The still pilgrim climbs the Mountain of God. She somehow has not lost her way. Her feet find the prints where they have trod. The sun feels less heavy today. She holds him in her wind-chapped hands. She shoulders him like a child. She hoops him along the basalt sand. She heaves him high against the sky where he gilds the field gold. The pilgrim watches his slow rise— She loves the shadow show he throws— salutes the blue and shades her eyes and turns her back and goes.
Blessed sleep and the long call of light. The morning a mercy of birds. Returned from the black hole of being, she finds all as she left it last night. The chairs askew, the table crumbs, the dishes stacked up in the sink. Yesterday’s dress tossed across the bed. It’s enough to make her think
of how the world just waits for us attending to its nightly song, of how we breathe in time with it and rise again with each new dawn, of how we bear the miracle and find ourselves where we belong.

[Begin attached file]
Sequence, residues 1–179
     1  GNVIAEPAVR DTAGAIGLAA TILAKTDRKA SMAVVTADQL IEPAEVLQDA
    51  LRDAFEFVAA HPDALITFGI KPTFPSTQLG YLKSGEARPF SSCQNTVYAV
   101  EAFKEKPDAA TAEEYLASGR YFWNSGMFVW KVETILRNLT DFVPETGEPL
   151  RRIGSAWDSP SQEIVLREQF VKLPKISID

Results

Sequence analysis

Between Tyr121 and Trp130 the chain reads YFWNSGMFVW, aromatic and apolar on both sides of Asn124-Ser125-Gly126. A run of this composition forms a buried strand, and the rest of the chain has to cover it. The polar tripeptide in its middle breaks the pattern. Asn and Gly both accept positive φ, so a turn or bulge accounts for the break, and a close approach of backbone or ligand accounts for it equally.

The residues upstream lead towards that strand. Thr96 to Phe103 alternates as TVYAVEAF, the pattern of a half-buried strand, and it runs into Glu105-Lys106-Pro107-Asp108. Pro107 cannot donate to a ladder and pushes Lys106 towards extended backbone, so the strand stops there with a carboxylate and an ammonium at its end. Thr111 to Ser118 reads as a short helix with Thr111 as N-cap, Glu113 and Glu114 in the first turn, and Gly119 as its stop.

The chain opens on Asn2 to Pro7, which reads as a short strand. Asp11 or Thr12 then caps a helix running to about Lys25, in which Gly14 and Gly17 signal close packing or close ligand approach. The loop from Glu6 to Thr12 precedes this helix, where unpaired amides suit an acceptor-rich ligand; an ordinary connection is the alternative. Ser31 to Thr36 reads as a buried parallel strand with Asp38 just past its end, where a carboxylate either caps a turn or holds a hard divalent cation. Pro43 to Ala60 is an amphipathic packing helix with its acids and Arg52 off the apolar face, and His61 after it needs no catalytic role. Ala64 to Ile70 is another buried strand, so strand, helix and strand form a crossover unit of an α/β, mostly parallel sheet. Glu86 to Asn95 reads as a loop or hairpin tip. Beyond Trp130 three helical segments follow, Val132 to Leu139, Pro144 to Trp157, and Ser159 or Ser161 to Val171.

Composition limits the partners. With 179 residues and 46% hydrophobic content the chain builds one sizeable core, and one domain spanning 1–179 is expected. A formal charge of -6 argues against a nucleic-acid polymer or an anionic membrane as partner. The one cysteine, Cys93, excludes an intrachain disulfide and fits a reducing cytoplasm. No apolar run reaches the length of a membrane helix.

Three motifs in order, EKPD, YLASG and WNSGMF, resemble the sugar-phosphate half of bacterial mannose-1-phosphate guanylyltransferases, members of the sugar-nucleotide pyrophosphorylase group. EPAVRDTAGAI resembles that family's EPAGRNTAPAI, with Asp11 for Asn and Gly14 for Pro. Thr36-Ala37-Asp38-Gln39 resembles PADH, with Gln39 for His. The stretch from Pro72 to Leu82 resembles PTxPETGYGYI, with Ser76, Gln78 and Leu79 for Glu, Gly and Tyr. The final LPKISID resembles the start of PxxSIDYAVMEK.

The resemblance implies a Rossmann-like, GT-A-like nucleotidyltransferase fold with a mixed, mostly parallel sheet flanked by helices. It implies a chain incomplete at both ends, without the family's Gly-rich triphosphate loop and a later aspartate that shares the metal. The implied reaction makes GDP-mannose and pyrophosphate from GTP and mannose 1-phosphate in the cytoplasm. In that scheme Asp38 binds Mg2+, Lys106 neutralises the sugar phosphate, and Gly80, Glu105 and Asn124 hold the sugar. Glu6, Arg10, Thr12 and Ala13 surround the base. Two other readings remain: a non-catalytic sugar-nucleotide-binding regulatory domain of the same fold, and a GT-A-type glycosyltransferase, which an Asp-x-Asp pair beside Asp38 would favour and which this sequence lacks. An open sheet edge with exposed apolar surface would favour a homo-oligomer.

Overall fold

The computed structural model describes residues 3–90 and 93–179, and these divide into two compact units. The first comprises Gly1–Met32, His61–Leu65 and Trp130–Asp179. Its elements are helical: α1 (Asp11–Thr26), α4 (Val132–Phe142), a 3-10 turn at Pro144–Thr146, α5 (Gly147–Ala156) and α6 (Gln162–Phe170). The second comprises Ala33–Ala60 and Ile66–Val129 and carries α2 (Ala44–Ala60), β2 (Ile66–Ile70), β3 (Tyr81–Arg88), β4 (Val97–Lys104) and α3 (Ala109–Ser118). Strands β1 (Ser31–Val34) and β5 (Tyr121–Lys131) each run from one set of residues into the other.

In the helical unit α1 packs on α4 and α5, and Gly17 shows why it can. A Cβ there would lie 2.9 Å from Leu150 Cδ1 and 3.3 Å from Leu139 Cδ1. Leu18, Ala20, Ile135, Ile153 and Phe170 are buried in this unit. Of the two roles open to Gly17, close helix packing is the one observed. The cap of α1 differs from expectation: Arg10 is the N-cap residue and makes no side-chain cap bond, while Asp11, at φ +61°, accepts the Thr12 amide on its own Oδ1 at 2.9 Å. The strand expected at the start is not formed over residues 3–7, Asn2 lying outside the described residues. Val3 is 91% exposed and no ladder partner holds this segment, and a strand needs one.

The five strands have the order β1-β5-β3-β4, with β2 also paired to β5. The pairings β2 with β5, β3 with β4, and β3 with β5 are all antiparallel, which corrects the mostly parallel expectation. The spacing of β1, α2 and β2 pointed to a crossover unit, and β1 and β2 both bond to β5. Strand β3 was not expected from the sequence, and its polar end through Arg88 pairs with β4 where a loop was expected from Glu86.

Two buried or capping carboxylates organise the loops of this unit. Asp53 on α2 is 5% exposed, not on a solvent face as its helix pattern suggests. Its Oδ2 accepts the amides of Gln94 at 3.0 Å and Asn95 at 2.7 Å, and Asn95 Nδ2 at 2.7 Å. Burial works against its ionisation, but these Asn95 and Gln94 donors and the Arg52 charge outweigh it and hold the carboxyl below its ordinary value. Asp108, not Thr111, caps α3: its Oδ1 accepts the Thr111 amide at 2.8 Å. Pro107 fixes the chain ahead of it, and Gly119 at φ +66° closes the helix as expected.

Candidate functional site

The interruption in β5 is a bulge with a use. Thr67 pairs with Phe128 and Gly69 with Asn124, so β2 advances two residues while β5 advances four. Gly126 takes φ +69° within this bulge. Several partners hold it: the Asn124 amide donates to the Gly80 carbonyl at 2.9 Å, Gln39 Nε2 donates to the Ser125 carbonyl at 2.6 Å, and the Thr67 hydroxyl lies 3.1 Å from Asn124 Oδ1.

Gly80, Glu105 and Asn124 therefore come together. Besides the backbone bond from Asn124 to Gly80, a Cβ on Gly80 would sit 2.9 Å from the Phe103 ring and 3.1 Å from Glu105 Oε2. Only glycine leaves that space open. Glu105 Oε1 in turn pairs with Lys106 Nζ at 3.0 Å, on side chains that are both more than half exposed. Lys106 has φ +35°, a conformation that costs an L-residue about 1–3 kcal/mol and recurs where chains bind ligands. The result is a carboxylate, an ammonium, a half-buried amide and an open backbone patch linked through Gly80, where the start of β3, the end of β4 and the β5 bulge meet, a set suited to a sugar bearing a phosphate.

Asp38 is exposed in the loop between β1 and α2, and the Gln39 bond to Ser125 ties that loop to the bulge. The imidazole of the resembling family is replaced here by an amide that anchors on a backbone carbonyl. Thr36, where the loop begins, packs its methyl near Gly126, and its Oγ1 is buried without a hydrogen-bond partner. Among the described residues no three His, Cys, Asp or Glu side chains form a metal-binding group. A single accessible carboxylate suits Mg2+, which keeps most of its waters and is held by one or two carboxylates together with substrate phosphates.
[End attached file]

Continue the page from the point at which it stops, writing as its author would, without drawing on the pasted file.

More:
It’s Mother’s Day and I have no mother. She left and took my daughterhood. It’s hard to lose us both, recover. A double grief. A day to brood.
I dredge the chops. Fry them in oil. I slice the onion, wet as tears. I wear my sackcloth apron, soiled by meals I’ve made for thirty years.
For ashes, flour upon my head. For prayers, the rise of scented smoke. My mother, who is five years dead, lives in this meat, these eggs I broke, this dish she taught me how to make, this wine I drink, this bread I break.